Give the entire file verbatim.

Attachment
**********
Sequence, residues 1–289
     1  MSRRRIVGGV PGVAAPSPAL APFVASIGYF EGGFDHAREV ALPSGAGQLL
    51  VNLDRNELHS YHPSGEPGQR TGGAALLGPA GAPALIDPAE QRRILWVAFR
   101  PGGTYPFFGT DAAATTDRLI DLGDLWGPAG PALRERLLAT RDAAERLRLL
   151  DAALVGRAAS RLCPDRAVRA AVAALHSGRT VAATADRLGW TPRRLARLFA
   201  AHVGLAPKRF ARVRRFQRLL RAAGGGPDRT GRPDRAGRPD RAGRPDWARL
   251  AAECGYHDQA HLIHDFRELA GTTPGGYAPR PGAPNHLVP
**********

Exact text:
Sequence, residues 1–289
     1  MSRRRIVGGV PGVAAPSPAL APFVASIGYF EGGFDHAREV ALPSGAGQLL
    51  VNLDRNELHS YHPSGEPGQR TGGAALLGPA GAPALIDPAE QRRILWVAFR
   101  PGGTYPFFGT DAAATTDRLI DLGDLWGPAG PALRERLLAT RDAAERLRLL
   151  DAALVGRAAS RLCPDRAVRA AVAALHSGRT VAATADRLGW TPRRLARLFA
   201  AHVGLAPKRF ARVRRFQRLL RAAGGGPDRT GRPDRAGRPD RAGRPDWARL
   251  AAECGYHDQA HLIHDFRELA GTTPGGYAPR PGAPNHLVP